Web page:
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House Judiciary chairman threatens to subpoena Rosenstein

House Judiciary chairman threatens to subpoena Rosenstein
© Greg Nash

The chairman of the House Judiciary Committee is threatening to subpoena Deputy Attorney General Rod RosensteinRod RosensteinTrump turns his ire toward Cabinet members Ex-deputy attorney general says Justice Dept. 'will ignore' Trump's threats against political rivals The Hill's Morning Report - Sponsored by Facebook - Trump's erratic tweets upend stimulus talks; COVID-19 spreads in White House MORE if he doesn't comply with a request for an interview with the panel.

Rep. Bob GoodlatteRobert (Bob) William GoodlatteBottom line No documents? Hoping for legalization? Be wary of Joe Biden Press: Trump's final presidential pardon: himself MORE (R-Va.), who is leading a joint investigation with the House Oversight and Government Reform Committee, said Saturday that Rosenstein must give a “transcribed interview on the record” or the No. 2 Justice Department official will be subpoenaed.

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“It is essential that we talk to him — he knows that,” Goodlatte told Fox News. “He has not agreed to come for a transcribed interview on the record. He needs to do that, and if he does not agree to do that very soon, I will issue a subpoena for him to appear.”

Goodlatte joins other conservative House members who want to grill Rosenstein over a report that he had considered wearing a wire to record President TrumpDonald John TrumpHillary Clinton responds to Chrissy Teigen tweet: 'I love you back' Police called after Florida moms refuse to wear face masks at school board meeting about mask policy Supreme Court rejects Trump effort to shorten North Carolina mail-ballot deadline MORESome of those lawmakers began pressing for action after a meeting with Rosenstein fell through last week.

“If it takes a subpoena, that's exactly what should happen,” Rep. Jim JordanJames (Jim) Daniel JordanHouse Judiciary Republicans mockingly tweet 'Happy Birthday' to Hillary Clinton after Barrett confirmation Sunday shows preview: Trump, Biden gear up for final sprint to Election Day McCarthy faces pushback from anxious Republicans over interview comments MORE (R-Ohio), a House Freedom Caucus member, told Fox News on Sunday.

House Republicans rushed to set up an interview with Rosenstein last month, shortly after The New York Times published a bombshell report that said the deputy attorney general had spoken to other officials about wearing a wire to record Trump after he fired former FBI Director James ComeyJames Brien ComeyGOP former US attorneys back Biden, say Trump 'threat to rule of law' Biden's polling lead over Trump looks more comfortable than Clinton's Trump has list of top intelligence officials he'll fire if he wins reelection: report MORE last May.

The story also said Rosenstein had discussed the possibility of Cabinet officials invoking the 25th Amendment to remove Trump from office last year.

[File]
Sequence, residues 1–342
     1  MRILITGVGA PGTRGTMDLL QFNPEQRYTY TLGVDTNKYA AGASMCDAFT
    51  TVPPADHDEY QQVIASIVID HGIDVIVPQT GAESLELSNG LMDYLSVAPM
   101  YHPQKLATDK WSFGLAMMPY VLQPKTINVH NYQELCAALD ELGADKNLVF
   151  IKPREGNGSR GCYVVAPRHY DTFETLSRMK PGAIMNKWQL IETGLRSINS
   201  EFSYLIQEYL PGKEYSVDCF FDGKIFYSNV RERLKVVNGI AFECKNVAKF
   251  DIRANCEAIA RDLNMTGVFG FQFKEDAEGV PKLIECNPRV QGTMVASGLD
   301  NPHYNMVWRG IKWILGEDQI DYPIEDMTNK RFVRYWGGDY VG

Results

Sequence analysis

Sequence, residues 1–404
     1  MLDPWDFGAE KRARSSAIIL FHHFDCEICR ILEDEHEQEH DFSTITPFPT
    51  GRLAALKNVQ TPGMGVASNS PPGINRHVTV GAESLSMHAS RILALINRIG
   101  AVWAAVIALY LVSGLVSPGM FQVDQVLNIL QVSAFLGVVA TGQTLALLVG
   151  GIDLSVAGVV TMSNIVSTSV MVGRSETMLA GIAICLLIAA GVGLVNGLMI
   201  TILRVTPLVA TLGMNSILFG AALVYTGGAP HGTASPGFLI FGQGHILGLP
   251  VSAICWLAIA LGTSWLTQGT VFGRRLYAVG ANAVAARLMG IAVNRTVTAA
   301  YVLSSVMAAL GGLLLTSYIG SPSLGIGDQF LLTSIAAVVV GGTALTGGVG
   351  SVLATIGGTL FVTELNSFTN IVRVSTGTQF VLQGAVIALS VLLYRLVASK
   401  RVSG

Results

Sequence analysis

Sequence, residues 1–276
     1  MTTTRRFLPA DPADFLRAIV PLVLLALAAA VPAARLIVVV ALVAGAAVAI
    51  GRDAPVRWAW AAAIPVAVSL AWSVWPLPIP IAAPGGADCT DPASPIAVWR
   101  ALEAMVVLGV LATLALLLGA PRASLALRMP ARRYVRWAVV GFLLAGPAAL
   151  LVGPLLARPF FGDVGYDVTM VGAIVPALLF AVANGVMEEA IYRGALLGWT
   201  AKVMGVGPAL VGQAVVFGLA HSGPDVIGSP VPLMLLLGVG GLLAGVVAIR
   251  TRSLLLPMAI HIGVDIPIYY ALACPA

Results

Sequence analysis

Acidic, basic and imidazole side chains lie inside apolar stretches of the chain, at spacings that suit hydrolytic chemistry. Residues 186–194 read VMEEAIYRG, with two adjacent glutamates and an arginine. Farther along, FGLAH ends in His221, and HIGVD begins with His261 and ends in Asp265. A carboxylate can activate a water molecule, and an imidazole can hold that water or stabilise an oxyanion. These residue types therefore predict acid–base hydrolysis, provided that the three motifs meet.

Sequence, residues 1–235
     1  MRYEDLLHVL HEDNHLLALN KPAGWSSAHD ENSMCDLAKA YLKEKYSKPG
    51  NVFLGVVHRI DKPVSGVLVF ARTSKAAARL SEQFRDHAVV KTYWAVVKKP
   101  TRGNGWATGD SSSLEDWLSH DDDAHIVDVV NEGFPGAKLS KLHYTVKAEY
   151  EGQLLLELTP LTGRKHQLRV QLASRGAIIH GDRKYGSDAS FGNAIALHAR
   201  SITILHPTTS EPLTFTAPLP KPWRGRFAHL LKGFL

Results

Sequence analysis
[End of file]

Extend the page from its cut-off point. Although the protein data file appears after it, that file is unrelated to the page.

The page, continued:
“We need him to answer questions about all kinds of issues associated with the Trump-Russia investigation," Jordan said Sunday. "But specifically, the statement that it's alleged that he said where he talked about actually recording the commander in chief of our great country and he talked about the 25th Amendment."

Rosenstein and the DOJ have fiercely disputed the Times report, claiming the comments were made in jest. Jordan, however, noted that former FBI general counsel James Baker indicated to the GOP House lawmakers earlier this month that he believed Rosenstein was serious about his wiretap remarks.

“When he says that he believed Rod Rosenstein was serious about this alleged statement about recording the president, you got to take that with the weight that it comes with, because it's the FBI chief counsel,” Jordan added.

The scrutiny over Rosenstein's wiretap remarks has renewed Republican calls for a second investigation into alleged misconduct at the Justice Department.

"The head of the FBI, acting Director Andy McCabe, and the head of the Department of Justice with respect to the Russia investigation, Rod Rosenstein, in direct conflict with one another, each accusing the other of not telling the truth with regard to whether or not someone wanted to record the president of the United States," Rep. John RatcliffeJohn Lee RatcliffeHillicon Valley: Big Tech hearing the most partisan yet | Rubio warns about foreign election interference | Trump campaign site briefly hacked Rubio warns that election interference may ramp up around Election Day Trump campaign website suffers apparent hack MORE (R-Texas), a member on the Judiciary Committee, told Fox News on Sunday.

"That's why we have special counsel provisions. ... There should be a special counsel, so that we can get answers to these questions," Ratcliffe continued.

Rosenstein, who has frequently been targeted by Trump allies on Capitol Hill, has been overseeing special counsel Robert MuellerRobert (Bob) MuellerCNN's Toobin warns McCabe is in 'perilous condition' with emboldened Trump CNN anchor rips Trump over Stone while evoking Clinton-Lynch tarmac meeting The Hill's 12:30 Report: New Hampshire fallout MORE’s Russia probe since Attorney General Jeff SessionsJefferson (Jeff) Beauregard SessionsGOP former US attorneys back Biden, say Trump 'threat to rule of law' Biden fact checks Trump on 545 families separated at border, calls policy 'criminal' Harris walks fine line on Barrett as election nears MORE recused himself from the matter.